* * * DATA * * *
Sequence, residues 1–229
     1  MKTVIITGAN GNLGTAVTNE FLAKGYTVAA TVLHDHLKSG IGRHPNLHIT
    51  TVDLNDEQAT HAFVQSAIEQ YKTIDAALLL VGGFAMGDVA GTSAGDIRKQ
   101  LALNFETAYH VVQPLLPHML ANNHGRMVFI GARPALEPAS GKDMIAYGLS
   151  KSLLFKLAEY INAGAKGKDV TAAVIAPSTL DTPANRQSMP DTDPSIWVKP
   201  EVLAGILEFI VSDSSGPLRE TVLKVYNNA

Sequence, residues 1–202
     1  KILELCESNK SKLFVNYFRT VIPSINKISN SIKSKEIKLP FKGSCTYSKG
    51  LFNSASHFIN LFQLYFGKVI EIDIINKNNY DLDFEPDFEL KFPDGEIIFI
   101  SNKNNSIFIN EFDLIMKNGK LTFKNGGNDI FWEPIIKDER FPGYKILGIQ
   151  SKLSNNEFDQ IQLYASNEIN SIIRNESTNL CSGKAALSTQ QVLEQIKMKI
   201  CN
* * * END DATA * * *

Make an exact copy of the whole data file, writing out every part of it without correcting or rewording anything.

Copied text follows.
Sequence, residues 1–229
     1  MKTVIITGAN GNLGTAVTNE FLAKGYTVAA TVLHDHLKSG IGRHPNLHIT
    51  TVDLNDEQAT HAFVQSAIEQ YKTIDAALLL VGGFAMGDVA GTSAGDIRKQ
   101  LALNFETAYH VVQPLLPHML ANNHGRMVFI GARPALEPAS GKDMIAYGLS
   151  KSLLFKLAEY INAGAKGKDV TAAVIAPSTL DTPANRQSMP DTDPSIWVKP
   201  EVLAGILEFI VSDSSGPLRE TVLKVYNNA

Sequence, residues 1–202
     1  KILELCESNK SKLFVNYFRT VIPSINKISN SIKSKEIKLP FKGSCTYSKG
    51  LFNSASHFIN LFQLYFGKVI EIDIINKNNY DLDFEPDFEL KFPDGEIIFI
   101  SNKNNSIFIN EFDLIMKNGK LTFKNGGNDI FWEPIIKDER FPGYKILGIQ
   151  SKLSNNEFDQ IQLYASNEIN SIIRNESTNL CSGKAALSTQ QVLEQIKMKI
   201  CN